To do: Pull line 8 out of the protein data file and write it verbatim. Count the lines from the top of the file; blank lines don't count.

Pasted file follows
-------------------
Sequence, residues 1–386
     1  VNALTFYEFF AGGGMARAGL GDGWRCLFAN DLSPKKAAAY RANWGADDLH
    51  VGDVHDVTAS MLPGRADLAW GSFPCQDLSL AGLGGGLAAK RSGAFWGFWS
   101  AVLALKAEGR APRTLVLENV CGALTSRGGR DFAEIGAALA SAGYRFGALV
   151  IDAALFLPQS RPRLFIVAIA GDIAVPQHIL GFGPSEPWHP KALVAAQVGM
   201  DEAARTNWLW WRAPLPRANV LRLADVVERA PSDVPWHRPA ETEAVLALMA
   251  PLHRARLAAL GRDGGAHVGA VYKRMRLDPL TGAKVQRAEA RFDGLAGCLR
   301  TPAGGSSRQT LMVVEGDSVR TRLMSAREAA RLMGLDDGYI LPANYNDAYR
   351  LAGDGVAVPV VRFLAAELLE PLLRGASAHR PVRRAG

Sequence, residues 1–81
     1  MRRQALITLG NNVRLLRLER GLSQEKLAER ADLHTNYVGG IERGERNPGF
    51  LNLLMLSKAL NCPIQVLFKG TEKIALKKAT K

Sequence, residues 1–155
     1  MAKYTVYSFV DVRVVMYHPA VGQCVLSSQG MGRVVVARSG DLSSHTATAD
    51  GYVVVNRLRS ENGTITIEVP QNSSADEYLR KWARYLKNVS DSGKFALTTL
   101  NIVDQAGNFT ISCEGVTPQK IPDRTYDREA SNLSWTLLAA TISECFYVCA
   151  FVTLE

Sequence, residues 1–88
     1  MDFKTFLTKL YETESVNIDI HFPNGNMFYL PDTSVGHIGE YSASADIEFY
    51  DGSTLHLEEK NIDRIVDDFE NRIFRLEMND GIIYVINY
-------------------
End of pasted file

   301  TPAGGSSRQT LMVVEGDSVR TRLMSAREAA RLMGLDDGYI LPANYNDAYR